All my friends know I’m obsessed with sneakers: I own more than 20 pairs, from jogging sneakers to casual ones. The same way, people who work with me know that I’m obsessed with data. If regarding my obsession with sneakers, I try to express my creativity, being obsessed with data means something else. It actually means the opposite of being creative, doesn’t it?
In the past few years, I have become a marketer obsessed with data. Having a job in a company like IBM made me be more preoccupied with the mathematical build of a funnel rather than what happens in each stage. Let’s be clear: there is nothing wrong with this. The true challenge arose when I forgot to also use my creativity and deliver an authentic story with which consumers could empathise.
The industry is obsessed with data. Our marketing actions must look well in an Excel document, and not exceed a budged threshold. Optimising and reducing costs, the analysis of data or reaching our business objectives are the keywords. We forgot to be creative and tell authentic stories. If the industry continues to be obsessed with data, the only story we are going to tell in a few years is that of the failure to deliver a relevant message to the market.
As a digital marketer, I have trained to stop listening to my instincts. Before sending an email with a proposal, I need data. In order to approve a creative proposal, I need data. Even before giving an opinion in an informal conversation, I think about the data I have to argue my opinion. I am uncomfortable putting a campaign on the market without having a flowchart which would ensure the achievement of my goals.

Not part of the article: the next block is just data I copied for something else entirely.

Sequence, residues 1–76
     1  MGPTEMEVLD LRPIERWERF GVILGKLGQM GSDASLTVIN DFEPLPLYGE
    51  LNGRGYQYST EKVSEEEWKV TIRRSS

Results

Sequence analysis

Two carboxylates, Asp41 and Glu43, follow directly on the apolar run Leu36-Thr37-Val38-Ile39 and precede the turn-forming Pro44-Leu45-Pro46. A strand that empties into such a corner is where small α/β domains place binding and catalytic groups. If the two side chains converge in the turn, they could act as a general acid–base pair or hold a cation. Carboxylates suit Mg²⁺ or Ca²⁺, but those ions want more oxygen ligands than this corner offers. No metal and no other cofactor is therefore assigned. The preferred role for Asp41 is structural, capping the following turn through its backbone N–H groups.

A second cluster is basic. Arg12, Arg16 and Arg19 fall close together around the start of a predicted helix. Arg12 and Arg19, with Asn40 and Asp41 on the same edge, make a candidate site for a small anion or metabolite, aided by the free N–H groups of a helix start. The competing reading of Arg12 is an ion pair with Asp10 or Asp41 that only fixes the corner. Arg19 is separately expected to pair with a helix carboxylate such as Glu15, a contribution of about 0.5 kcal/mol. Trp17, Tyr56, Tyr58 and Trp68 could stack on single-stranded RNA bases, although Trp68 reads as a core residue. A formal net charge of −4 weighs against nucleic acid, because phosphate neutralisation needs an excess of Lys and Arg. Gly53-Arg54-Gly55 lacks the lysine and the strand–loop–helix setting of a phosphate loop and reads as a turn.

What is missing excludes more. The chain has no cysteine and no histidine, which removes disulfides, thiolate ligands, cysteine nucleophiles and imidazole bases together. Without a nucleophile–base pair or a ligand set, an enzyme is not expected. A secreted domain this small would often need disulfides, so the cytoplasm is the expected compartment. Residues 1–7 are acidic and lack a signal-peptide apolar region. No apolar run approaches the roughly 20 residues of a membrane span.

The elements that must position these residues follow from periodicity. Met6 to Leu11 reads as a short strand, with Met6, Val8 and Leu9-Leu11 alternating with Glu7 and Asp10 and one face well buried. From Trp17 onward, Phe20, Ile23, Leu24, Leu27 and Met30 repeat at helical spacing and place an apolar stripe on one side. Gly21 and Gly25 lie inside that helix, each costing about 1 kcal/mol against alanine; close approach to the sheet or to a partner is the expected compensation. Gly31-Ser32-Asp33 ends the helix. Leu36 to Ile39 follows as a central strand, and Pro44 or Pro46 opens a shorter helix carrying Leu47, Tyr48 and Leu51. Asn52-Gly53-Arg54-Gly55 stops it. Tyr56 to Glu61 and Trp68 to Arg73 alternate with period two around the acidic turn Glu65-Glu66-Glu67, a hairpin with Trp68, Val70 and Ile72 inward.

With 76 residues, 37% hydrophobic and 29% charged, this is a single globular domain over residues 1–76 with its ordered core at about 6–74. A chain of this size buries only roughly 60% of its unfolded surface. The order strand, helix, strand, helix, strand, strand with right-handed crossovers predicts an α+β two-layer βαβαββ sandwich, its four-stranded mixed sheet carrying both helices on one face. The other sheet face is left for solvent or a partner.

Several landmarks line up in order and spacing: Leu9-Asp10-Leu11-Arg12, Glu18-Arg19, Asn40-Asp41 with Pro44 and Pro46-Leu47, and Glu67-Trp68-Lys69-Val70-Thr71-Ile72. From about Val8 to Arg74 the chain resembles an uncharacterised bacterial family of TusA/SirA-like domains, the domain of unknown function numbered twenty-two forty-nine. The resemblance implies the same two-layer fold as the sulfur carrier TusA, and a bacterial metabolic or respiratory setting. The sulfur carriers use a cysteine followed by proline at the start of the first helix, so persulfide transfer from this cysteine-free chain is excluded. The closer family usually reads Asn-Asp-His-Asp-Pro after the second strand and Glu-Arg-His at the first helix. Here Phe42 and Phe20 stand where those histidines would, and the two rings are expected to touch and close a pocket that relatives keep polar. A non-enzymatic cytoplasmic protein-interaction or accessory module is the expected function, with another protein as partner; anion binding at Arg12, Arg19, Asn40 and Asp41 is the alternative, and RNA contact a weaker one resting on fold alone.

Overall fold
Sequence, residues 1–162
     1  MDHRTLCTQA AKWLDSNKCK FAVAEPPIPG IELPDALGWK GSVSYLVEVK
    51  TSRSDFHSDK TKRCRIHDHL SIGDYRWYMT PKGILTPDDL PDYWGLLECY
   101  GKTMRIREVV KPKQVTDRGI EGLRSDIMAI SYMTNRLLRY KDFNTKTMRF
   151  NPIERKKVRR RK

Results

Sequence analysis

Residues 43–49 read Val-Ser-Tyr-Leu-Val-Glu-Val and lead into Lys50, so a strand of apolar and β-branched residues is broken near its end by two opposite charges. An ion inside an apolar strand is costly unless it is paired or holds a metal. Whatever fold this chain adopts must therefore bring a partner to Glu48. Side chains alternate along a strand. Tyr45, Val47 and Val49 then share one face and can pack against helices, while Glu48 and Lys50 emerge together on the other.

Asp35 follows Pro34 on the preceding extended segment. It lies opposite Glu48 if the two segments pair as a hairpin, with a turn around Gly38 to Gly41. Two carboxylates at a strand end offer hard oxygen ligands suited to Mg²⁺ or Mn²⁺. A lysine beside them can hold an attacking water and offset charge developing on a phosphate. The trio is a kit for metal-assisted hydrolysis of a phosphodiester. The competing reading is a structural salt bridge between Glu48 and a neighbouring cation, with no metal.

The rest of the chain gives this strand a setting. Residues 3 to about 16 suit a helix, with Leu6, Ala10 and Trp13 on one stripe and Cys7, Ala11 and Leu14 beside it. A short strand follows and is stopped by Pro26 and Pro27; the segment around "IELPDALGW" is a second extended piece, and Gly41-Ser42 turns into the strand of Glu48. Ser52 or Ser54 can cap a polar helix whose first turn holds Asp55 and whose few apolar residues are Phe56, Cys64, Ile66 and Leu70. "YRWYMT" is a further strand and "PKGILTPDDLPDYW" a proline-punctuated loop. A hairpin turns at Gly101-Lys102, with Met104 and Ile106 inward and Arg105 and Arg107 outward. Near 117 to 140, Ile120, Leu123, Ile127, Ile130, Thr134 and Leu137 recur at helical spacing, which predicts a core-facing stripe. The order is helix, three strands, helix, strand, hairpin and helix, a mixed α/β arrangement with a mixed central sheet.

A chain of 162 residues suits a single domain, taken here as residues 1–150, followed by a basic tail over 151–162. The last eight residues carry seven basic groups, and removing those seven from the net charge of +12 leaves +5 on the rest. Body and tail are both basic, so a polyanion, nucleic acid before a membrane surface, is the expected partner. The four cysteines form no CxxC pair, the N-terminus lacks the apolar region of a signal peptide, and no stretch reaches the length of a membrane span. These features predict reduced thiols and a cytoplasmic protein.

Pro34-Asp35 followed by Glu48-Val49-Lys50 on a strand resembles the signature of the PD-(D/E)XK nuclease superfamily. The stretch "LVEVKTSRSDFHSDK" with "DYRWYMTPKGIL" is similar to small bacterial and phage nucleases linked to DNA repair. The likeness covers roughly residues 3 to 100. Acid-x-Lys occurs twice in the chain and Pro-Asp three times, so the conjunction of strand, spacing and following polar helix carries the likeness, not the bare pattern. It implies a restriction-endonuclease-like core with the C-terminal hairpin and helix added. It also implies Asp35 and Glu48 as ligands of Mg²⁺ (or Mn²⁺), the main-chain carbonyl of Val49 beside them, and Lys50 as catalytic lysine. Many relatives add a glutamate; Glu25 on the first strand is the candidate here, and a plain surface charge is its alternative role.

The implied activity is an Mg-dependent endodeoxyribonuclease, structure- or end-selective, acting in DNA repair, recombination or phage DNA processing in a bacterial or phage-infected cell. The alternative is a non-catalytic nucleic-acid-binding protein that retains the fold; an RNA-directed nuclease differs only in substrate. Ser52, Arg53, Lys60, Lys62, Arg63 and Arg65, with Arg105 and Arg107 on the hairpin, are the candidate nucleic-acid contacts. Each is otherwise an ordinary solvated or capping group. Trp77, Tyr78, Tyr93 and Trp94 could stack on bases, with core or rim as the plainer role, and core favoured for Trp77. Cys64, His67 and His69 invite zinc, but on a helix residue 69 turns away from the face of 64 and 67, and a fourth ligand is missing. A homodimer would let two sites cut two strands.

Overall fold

I was recently looking at the digital campaign of a bank in Romania. Even though I was its target, I admit I didn’t empathise with it. It seemed superficial to me, as if it were made just to be made. I almost felt like a corporation that’s being communicated a cold message: a few decent visual executions and a catchy headline which in fact wasn’t truly covering my consumer insight. I honestly don’t even remember it, I just know that it didn’t bring anything out in me.
As a consumer, their message didn’t convince me, I have seen their ads on all the digital communication channels: I have forgotten them and now I am moving on with my life as the client of the bank whose message caught me off the bat. From a marketer’s point of view however, I could figure out that the entire digital campaign had a good media infrastructure. And I also realized that this is what marketing looks like when it’s being reduced to a single Excel document.
This is where most of the industry seems to be: we are no longer necessarily interested in the story per se, or the emotion, or the storytelling. I believe that we should find the balance in having the data, understanding it, and testing it, and then finding that consumer insight which we can push into the story we are about to deliver. Reason – emotion; data – creativity; none without the other, all of them dosed equally, both in the strategic planning, and in the message reaching the consumer.
Perhaps the most important thing I learned is that we should bring together in the same room the finance or the data guy, and the creative colleague, the one who listens to his instincts, and to let them reach an agreement which would please them both. Meaning, to jump out of the Excel document and go directly to the PowerPoint slides, and then back to the Excel, to combine them, and – if necessary, to go out in the field and talk to the consumers.